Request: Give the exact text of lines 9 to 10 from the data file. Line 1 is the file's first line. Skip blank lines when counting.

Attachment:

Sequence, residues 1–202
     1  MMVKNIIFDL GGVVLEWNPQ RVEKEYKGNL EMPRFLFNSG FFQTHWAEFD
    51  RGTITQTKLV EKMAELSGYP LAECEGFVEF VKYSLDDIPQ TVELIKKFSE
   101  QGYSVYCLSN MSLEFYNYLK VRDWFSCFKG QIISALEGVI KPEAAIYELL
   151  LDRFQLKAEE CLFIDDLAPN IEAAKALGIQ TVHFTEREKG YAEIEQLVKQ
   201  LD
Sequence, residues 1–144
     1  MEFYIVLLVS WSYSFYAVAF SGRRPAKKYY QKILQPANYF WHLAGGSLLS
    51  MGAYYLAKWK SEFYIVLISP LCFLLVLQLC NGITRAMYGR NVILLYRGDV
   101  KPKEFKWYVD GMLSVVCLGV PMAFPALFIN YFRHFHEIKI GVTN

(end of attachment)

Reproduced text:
    51  MGAYYLAKWK SEFYIVLISP LCFLLVLQLC NGITRAMYGR NVILLYRGDV
   101  KPKEFKWYVD GMLSVVCLGV PMAFPALFIN YFRHFHEIKI GVTN